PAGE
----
Dr. Strangelove’s status as the movie that confirmed both Stanley Kubrick’s reputation and the arrival of beat-sick irreverence can no longer be retracted. Kubrick and co-scripters Peter George and Terry Southern fashioned a goonish-ghoulish portrait of diplomatic insanity that’s zippy, ruthless, and cartoonish enough that the flick is worshipped even among those who can’t stand Kubrick’s later, fastidiously methodical movies. Boasting three wildly diverse characterizations from Peter Sellers and a terrifyingly enthusiastic performance by George C. Scott (out-Pattoning Patton as a Joint Chief of Staff), Dr. Strangelove checkmates the Cold War’s stalemate by satirizing the joke of institutionalized “preparedness.” With doomsday devices springing up everywhere to prevent defense gaps between America and the Soviet Union, all it takes to bring the entire globe to the brink of nuclear winter is one single loose sprocket in the U.S. Defense Department. Kubrick’s punchline isn’t that the destruction of humanity is one big sunny joke; it’s that humanity has already passive-aggressively done itself in. While the director certainly never regards humanity with the same sense of utter puzzlement and alienation he achieved in 2001: A Space Odyssey, Barry Lyndon, and Eyes Wide Shut, he clearly finds it impossible to take sides. If Scott’s mad-dog bloodlust and Sellers’s frustrating ineffectuality as President Merkin Muffley are a merciless one-two shot against America’s own self-image as the world’s benevolent dictator, Peter Bull’s stoic, consistently stentorian portrayal of the Russian ambassador is no less savage. And Kubrick, George, and Southern’s “say no more” comparison between Sterling Hayden’s impotence as Burpelson Air Force Base’s strategic commander and cowboy-pilot Slim Pickens’s bucking, immensely phallic ride atop an H-bomb still stands as one of the nastiest jokes ever had at the expense of the industrial-military complex.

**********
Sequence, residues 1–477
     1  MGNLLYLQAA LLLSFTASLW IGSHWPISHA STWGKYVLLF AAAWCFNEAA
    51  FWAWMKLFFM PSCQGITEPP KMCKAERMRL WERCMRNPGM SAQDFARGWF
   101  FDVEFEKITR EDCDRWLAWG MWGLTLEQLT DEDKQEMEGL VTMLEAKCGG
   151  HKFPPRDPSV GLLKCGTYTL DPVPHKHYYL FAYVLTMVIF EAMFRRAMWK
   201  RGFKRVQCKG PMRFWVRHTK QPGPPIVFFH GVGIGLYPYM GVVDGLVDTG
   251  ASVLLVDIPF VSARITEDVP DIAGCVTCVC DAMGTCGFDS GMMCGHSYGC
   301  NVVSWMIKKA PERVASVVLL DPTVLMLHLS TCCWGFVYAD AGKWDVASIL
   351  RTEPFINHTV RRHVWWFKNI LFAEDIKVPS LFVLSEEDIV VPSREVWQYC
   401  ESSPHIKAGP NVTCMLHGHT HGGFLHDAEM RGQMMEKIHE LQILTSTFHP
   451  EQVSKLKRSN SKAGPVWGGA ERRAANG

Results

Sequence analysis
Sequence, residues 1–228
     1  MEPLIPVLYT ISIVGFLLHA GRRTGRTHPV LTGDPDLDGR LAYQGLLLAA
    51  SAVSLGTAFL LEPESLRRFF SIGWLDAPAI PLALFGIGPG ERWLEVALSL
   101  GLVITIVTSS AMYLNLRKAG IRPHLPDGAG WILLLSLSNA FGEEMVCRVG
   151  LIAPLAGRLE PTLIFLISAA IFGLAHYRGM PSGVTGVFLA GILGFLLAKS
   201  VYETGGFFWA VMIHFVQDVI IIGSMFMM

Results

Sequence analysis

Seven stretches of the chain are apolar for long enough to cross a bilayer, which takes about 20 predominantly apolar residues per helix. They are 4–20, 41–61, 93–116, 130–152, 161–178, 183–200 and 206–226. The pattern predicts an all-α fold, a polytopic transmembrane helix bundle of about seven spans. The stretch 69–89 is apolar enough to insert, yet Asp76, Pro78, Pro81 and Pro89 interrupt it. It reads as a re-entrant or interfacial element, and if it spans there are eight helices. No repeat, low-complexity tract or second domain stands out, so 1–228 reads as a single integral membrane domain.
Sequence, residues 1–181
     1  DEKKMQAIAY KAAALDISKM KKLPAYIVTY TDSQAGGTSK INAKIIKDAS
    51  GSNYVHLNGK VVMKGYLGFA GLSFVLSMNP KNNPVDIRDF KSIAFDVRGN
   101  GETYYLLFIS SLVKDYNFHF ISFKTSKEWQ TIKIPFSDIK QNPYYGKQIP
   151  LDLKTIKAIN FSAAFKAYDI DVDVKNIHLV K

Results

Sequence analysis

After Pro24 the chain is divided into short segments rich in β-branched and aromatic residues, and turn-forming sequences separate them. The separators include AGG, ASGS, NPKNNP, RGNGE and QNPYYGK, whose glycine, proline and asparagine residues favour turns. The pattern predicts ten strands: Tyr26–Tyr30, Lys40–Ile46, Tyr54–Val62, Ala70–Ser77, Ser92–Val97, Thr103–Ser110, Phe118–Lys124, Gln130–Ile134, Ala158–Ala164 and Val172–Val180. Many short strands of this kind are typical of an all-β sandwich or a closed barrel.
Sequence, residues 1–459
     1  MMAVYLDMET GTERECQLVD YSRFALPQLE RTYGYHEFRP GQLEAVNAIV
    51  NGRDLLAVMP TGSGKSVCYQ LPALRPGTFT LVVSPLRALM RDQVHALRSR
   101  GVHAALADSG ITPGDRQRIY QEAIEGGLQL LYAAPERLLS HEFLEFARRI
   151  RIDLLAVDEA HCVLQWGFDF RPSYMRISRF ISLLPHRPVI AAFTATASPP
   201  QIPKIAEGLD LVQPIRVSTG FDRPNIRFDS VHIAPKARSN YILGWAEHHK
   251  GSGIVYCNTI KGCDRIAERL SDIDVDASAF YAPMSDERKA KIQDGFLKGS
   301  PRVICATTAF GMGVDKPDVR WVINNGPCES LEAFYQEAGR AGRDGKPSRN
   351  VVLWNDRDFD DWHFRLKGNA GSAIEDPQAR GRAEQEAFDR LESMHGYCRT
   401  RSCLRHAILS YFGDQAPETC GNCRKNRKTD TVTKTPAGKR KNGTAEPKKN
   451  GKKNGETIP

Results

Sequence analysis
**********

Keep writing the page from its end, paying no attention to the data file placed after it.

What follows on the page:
Far from a high-budget film, Dr. Strangelove’s Blu-ray transfer is no match for some of the black-and-white films Criterion has put out on the high-def format. That said, it appears radically clearer than any existing DVD edition. There’s still a lot of print damage and the grain is awfully prevalent on the darker end of the spectrum, but the 1.66:1 anamorphic widescreen image looks tighter than all previous editions, which used 1.33:1 full frame to match Kubrick’s alleged preference for home viewing. I’m not particularly enamored with the 5.1 TrueHD remix, which does little to open up the mix. To my ears, you may as well stick with the mono option.
This Blu-ray really only introduces one brand new feature, a pop-up picture-in-picture trivia which functions as a more interactive commentary track. Otherwise, they’ve recycled the solid documentaries featured on the previous DVD edition, including a long but illuminating interview with former Secretary of Defense Robert McNamara, who puts the movie into its historical context, a split-screen interview with Peter Sellers and George C. Scott, behind-the-scenes retrospectives, and an appreciation of Sellers’s career.
Still no sign of the holy grail pie-fight sequence, but the Blu-ray edition of Dr. Strangelove still preserves the film’s purity of essence.